Being asked to be a godparent is an honor and a responsibility. When someone asks you to be a godparent to their child, they are entrusting you to take an active role in that child’s religious upbringing and spiritual development. But exactly how long does the commitment last? Here is a quick overview on the godparent role and how long you can expect to fill it.
What Does a Godparent Do?
A godparent has two main duties:
- To represent the Christian community and provide spiritual guidance to the child as they grow up
- To take responsibility for the child’s religious education and ensure they are prepared for important sacraments if the parents are unable to do so
So in essence, a godparent serves as a mentor and advocate for the child’s faith journey. They should be a source of knowledge, set a good example and provide moral and spiritual support to the child.
How Long Are You a Godparent For?
The godparent role and commitment lasts for the lifetime of the godchild. It does not end when the child reaches adulthood or at any other age. Of course, how a godparent fulfills their duties may evolve as the godchild matures, but the spiritual relationship remains.
Here’s an overview of what the godparent commitment looks like at different stages:
Baptism Through Age 12
In the early years after baptism, the godparent’s role is to:
- Check in regularly with the parents and offer support
- Give religious gifts for christenings, first communion, confirmations, etc.
- Celebrate important faith milestones
- Provide religious instruction if needed
- Set an example of Christian values
During these formative years, the godparent should make an effort to bond with the child through regular contact and shared activities. They can begin imparting religious knowledge, stories and traditions.
In the teen years, the godparent can:
- Offer guidance about challenging moral decisions
- Discuss ideological and spiritual struggles
- Suggest youth religious programs and retreats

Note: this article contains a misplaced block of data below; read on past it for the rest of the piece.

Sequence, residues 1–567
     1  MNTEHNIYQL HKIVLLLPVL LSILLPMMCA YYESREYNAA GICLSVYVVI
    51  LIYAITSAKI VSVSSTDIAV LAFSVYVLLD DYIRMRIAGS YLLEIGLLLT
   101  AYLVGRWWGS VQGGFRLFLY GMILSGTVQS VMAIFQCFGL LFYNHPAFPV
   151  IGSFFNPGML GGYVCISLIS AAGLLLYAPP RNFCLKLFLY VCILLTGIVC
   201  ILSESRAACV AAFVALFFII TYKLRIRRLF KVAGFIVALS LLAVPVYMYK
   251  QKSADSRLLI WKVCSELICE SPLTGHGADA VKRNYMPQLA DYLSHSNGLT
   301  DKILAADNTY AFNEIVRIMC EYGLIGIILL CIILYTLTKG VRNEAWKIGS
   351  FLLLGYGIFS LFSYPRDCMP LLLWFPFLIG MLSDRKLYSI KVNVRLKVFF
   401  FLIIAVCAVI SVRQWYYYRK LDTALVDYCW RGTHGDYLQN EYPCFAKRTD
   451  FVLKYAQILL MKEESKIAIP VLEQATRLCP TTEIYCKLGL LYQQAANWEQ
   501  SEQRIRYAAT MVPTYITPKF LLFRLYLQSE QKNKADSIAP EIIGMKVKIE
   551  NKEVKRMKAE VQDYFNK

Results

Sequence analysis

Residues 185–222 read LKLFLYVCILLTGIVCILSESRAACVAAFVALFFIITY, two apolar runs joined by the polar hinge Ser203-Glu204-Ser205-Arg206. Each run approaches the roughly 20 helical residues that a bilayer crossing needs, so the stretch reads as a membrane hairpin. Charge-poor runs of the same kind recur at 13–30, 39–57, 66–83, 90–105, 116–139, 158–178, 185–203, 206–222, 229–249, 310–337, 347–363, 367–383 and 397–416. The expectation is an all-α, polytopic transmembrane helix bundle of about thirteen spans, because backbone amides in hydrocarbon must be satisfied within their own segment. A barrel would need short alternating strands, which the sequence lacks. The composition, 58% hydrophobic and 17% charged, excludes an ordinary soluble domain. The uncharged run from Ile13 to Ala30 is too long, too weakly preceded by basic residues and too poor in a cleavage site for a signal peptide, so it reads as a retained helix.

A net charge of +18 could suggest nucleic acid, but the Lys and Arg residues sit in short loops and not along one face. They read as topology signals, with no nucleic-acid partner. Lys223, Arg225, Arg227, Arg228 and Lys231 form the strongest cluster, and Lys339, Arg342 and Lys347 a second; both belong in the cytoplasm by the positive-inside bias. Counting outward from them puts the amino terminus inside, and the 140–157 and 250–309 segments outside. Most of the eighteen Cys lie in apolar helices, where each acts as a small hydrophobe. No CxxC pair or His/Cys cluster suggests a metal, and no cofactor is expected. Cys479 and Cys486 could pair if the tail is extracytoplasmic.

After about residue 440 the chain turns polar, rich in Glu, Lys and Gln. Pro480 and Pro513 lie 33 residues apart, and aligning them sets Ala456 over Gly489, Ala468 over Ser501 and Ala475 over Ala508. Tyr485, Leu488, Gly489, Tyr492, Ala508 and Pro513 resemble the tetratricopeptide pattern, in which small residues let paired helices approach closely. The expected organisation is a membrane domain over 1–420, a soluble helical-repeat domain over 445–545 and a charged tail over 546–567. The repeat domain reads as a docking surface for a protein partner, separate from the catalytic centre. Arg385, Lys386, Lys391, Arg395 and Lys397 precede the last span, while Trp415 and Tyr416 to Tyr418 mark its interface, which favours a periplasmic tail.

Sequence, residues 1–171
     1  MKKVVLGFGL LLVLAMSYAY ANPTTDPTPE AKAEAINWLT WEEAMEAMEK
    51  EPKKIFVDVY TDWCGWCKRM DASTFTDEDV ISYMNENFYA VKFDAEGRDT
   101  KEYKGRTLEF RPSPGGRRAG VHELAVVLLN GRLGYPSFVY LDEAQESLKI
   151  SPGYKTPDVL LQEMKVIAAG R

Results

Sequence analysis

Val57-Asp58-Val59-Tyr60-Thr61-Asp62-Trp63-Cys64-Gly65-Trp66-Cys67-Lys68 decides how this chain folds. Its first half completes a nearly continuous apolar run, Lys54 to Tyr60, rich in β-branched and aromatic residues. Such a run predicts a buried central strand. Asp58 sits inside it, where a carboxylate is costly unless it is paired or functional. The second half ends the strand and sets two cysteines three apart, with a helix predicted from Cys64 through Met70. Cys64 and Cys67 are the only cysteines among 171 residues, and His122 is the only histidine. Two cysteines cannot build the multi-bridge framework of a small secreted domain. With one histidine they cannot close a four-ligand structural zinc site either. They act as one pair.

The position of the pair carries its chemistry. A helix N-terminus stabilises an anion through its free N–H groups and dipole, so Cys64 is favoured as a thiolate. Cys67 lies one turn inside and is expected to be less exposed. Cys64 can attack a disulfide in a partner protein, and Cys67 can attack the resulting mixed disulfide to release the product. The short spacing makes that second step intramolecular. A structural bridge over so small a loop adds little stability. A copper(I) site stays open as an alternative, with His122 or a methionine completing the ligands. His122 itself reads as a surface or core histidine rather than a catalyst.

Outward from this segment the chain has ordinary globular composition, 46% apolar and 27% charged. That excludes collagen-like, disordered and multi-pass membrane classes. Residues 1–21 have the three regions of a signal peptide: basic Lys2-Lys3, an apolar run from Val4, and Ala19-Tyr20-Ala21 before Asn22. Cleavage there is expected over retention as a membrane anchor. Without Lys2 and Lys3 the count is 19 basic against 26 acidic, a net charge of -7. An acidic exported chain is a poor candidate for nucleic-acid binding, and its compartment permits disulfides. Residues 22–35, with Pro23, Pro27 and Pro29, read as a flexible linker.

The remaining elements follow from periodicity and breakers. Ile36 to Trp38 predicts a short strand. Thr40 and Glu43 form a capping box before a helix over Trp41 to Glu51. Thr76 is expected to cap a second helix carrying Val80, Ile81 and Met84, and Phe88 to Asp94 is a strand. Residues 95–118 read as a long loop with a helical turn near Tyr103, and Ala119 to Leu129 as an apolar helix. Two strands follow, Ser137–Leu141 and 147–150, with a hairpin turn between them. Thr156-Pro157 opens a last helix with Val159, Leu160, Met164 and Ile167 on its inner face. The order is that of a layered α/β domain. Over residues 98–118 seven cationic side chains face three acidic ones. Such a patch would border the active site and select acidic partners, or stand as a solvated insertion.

- Introduce resources to strengthen faith
- Provide perspective on questions about identity, relationships, purpose, etc.
This is the time for thought-provoking conversations about spirituality, ethics and God’s plan for the godchild’s life. The godparent should be a trusted presence who listens without judgement.
When the godchild reaches adulthood, the godparent may:
- Check in around important life events and transitions
- Provide wisdom and advice when requested
- Suggest spiritual books, retreats, small groups, etc.
- Remind the godchild they are loved by God and the church community
- Answer faith-related questions
- Pray for the godchild
With a light touch, the godparent can continue to nurture the godchild’s spirituality, values and connection to their faith.
In adulthood, the godparent may:
- Continue to touch base and show interest in the godchild’s life
- Provide support during major life events like marriage, births, deaths, etc.
- Suggest ways to deepen spirituality
- Share spiritual resources
- Remain available for guidance, reassurance and spiritual discussions
- Pray for godchild and family
- Set an ongoing example of Christian faith
The relationship now centers around mutual Christian love, spiritual encouragement, life-stage support and an enduring familial bond.
In summary, the godparent commitment lasts for the lifetime of the godchild. While the activities and interaction may change over the years, the godparent continues serving as a guide and advocate for their godchild’s faith journey from baptism onwards. It is a profound spiritual relationship that endures through all of life’s seasons.